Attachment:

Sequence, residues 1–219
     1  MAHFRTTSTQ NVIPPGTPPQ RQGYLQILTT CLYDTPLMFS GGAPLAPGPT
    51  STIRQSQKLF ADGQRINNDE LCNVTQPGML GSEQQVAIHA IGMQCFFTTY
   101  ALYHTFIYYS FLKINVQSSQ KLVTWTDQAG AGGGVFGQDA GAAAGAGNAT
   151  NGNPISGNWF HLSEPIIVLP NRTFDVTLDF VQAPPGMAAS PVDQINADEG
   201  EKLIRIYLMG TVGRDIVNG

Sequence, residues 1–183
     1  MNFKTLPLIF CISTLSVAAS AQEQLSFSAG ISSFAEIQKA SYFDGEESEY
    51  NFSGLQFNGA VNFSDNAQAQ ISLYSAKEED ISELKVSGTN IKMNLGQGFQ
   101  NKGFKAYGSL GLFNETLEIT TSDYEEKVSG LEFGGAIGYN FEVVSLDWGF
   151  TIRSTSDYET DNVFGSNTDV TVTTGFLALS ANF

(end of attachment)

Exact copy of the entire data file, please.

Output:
Sequence, residues 1–219
     1  MAHFRTTSTQ NVIPPGTPPQ RQGYLQILTT CLYDTPLMFS GGAPLAPGPT
    51  STIRQSQKLF ADGQRINNDE LCNVTQPGML GSEQQVAIHA IGMQCFFTTY
   101  ALYHTFIYYS FLKINVQSSQ KLVTWTDQAG AGGGVFGQDA GAAAGAGNAT
   151  NGNPISGNWF HLSEPIIVLP NRTFDVTLDF VQAPPGMAAS PVDQINADEG
   201  EKLIRIYLMG TVGRDIVNG

Sequence, residues 1–183
     1  MNFKTLPLIF CISTLSVAAS AQEQLSFSAG ISSFAEIQKA SYFDGEESEY
    51  NFSGLQFNGA VNFSDNAQAQ ISLYSAKEED ISELKVSGTN IKMNLGQGFQ
   101  NKGFKAYGSL GLFNETLEIT TSDYEEKVSG LEFGGAIGYN FEVVSLDWGF
   151  TIRSTSDYET DNVFGSNTDV TVTTGFLALS ANF